Tuesday, February 6, 2018

Hugh O'Neill - The First Irish Nationalist

by Arthur Russell

Hugh O'Neill, 2nd Earl of Tyrone
For many, Hugh O’Neill (1550-1616), popularly called the Great O’Neill, is regarded as the first to make a credible effort to develop a unified Gaelic alliance to achieve Irish independence. Most of his life coincided with the reign of Queen Elizabeth I, the last of the Tudor monarchs who dominated 16th century English history, and who oversaw the transition of England from feudal kingdom to modern nation state.

It would take 3 centuries more for Ireland to arrive at its own sense of nationhood.

Since the 12th century Norman invasion of Ireland; Irish chieftains and local kings never quite grasped the potential of the incursion of this latest wave of foreigners into Ireland and Irish affairs. It never occurred to most that it would ultimately see an end to their own mastery of the island. Their failure to see the “big picture” was to cost them dearly. During most of the late medieval period, they resisted the invader only when he appeared to threaten the borders and integrity of their own territories. As often as not, they were happy to parley, even to form alliances with the interlopers to gain temporary advantage in their own localised squabbles with neighbouring chieftains. This meant that between the years of 1170 – 1600, there was an ever changing ebb and flow of the extent and reach of English power and influence against that of indigenous Gaelic chiefs and clans. From the English side, the conquest was not completed because English monarchs rarely had the resources to see it done. Several times during those centuries; a determined unified effort by Gaelic chieftains could have ended the occupation once and for all. Had this happened, it could have prompted the start of a process of nation state building, in line with what was evolving across Europe. There was no concept of an Irish nation or nationality except in the minds of Gaelic poets and bards. Much less was there any idea of developing strong centralised leadership to which all Irish/Gaelic people and chieftains could invest their allegiance.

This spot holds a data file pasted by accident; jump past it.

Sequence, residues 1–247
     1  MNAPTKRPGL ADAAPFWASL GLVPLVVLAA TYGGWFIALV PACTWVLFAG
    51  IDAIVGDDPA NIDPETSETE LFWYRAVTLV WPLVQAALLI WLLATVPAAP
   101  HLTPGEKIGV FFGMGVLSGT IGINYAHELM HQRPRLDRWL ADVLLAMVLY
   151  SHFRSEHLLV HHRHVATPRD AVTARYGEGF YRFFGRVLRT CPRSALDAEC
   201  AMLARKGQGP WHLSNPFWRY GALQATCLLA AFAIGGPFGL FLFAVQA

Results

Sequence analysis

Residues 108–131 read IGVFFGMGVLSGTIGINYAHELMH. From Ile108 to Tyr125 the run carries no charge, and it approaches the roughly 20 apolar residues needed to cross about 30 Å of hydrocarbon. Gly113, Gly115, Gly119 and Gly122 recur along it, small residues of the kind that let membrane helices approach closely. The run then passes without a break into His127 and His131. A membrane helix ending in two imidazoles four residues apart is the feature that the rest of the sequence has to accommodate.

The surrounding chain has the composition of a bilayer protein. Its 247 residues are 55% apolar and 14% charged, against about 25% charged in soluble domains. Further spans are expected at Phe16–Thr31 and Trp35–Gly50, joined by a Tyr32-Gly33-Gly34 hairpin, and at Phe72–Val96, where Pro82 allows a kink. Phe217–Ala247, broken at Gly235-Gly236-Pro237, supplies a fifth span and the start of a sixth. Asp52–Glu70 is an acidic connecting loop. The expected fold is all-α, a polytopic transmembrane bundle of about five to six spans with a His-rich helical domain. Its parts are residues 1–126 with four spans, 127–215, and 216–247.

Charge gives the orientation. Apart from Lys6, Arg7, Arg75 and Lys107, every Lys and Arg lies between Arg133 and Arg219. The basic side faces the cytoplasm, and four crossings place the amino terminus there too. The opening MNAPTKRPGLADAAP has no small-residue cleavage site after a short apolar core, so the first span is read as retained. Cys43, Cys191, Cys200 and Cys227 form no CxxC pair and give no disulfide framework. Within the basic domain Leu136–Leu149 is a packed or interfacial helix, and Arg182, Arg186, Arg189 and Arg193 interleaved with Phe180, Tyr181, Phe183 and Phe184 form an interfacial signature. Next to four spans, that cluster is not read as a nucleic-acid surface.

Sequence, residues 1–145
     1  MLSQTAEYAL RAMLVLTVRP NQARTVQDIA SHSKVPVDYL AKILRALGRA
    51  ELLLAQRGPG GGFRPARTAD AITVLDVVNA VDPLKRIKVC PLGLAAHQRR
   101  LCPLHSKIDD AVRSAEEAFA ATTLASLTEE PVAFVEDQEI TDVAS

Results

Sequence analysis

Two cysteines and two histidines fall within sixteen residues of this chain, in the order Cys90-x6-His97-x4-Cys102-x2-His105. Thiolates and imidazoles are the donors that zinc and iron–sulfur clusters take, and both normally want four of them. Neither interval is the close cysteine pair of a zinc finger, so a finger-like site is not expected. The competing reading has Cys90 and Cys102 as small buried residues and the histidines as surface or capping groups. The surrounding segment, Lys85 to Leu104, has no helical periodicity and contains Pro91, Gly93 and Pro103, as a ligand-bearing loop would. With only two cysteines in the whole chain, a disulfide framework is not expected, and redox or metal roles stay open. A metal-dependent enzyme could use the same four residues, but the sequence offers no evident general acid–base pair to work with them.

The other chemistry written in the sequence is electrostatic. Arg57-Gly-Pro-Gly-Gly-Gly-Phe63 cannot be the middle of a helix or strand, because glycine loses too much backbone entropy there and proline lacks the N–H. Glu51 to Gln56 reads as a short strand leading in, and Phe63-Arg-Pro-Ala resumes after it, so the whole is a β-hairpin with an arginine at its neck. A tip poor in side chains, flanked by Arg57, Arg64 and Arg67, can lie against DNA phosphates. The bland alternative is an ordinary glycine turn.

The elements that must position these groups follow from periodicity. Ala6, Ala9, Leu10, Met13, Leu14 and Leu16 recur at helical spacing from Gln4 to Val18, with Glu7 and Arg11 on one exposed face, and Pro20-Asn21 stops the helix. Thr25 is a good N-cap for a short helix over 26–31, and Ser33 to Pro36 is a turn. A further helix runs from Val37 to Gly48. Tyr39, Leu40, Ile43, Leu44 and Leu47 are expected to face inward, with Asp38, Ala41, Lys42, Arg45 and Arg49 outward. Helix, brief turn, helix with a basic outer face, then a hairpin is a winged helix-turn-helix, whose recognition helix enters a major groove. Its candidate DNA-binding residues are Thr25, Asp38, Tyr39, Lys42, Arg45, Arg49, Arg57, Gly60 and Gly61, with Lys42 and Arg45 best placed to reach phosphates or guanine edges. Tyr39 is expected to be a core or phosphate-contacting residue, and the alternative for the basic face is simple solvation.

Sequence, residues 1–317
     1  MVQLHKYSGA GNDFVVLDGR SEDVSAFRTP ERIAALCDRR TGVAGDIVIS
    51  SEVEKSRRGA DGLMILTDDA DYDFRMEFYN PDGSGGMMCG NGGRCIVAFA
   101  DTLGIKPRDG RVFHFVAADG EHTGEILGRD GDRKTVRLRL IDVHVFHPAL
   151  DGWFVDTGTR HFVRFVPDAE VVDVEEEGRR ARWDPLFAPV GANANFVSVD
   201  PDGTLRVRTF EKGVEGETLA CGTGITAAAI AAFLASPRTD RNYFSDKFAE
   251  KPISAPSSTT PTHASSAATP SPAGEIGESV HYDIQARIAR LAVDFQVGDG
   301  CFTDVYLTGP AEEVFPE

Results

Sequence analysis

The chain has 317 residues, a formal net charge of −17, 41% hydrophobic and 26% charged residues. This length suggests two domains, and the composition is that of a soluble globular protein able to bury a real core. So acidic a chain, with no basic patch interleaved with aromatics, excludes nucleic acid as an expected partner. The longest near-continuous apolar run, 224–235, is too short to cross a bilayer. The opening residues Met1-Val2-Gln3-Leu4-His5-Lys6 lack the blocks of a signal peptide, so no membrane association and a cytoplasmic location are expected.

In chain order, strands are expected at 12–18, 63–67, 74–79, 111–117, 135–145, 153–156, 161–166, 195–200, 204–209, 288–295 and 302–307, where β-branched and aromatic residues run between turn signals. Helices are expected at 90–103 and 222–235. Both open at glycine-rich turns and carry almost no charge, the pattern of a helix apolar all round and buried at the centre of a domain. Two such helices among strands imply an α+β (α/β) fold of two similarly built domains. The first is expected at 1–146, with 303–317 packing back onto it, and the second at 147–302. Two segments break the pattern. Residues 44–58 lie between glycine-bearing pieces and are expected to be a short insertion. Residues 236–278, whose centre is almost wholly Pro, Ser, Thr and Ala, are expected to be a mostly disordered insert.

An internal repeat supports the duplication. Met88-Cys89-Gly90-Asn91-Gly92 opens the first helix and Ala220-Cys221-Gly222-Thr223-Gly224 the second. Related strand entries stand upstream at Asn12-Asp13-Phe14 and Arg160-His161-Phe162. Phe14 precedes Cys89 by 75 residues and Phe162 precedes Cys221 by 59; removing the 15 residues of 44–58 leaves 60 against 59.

As Sean O’Faolain, observed in his definitive work The Great O’Neill where he made reference to medieval Gaelic poets’ and bards’ vision of Ireland as a separate nation:
“Such men (poets & bards) were speaking in effect, to an audience of shadows, not to a solid national phalanx. There was a Gaelic people. There was not a Gaelic nation.”
The uneasy and constantly changing dynamic between English and Gaelic power in Ireland began to shift inexorably once the Tudor dynasty managed to finally establish themselves more firmly on the English throne. First under Henry VII and increasingly under his son Henry VIII during the early part of the 16th century, the English presence in Ireland became more pronounced. Gaelic chieftains found they had to find individual ways to accommodate to the reality of a strong unified political entity that England and the English presence in Ireland was becoming under the Tudors.

Henry VIII’s introduction of the policy of “Surrender and Regrant” fundamentally changed the relationship of Gaelic chieftains with the Crown. He had already declared himself King of Ireland and was more demanding and determined to command universal allegiance. He was also prepared to use force where diplomacy did not succeed in establishing his authority. What the O’Neills and most Irish chieftains failed to realise fully was that by acceding to Henry’s latest policy, they were declaring themselves subject to English rather than their own ancient Brehon laws. What many saw as a short term stratagem giving them security of lands and titles, carried serious risk that sooner or later would place them at odds with both the King’s authority as well as their own ancient tribal customs and laws. Increasingly many chieftains found themselves caught in an impossible legalistic trap that saw them facing the prospect of losing their newly granted royal titles and lands, at the same time losing support from their own clansmen who considered the clan, not any English King, to be the ultimate source of power in determining who should be chieftain. The consequence of disloyalty to the English Crown (treason) was that all lands and titles were automatically subject to confiscation and reassignment at the King’s pleasure.